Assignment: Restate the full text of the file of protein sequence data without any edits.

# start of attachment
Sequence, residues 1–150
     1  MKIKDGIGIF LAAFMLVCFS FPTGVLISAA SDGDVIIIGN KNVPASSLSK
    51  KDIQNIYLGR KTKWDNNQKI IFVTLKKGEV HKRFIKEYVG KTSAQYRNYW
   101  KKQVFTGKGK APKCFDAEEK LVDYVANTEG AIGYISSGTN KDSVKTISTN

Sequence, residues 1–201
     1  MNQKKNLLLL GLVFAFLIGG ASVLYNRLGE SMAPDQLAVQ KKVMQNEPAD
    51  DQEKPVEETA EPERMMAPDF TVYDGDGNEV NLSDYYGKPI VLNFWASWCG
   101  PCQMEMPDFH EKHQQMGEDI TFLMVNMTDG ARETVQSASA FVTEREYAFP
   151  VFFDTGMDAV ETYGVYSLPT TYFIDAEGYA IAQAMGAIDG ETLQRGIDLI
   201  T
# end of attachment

Sequence, residues 1–150
     1  MKIKDGIGIF LAAFMLVCFS FPTGVLISAA SDGDVIIIGN KNVPASSLSK
    51  KDIQNIYLGR KTKWDNNQKI IFVTLKKGEV HKRFIKEYVG KTSAQYRNYW
   101  KKQVFTGKGK APKCFDAEEK LVDYVANTEG AIGYISSGTN KDSVKTISTN

Sequence, residues 1–201
     1  MNQKKNLLLL GLVFAFLIGG ASVLYNRLGE SMAPDQLAVQ KKVMQNEPAD
    51  DQEKPVEETA EPERMMAPDF TVYDGDGNEV NLSDYYGKPI VLNFWASWCG
   101  PCQMEMPDFH EKHQQMGEDI TFLMVNMTDG ARETVQSASA FVTEREYAFP
   151  VFFDTGMDAV ETYGVYSLPT TYFIDAEGYA IAQAMGAIDG ETLQRGIDLI
   201  T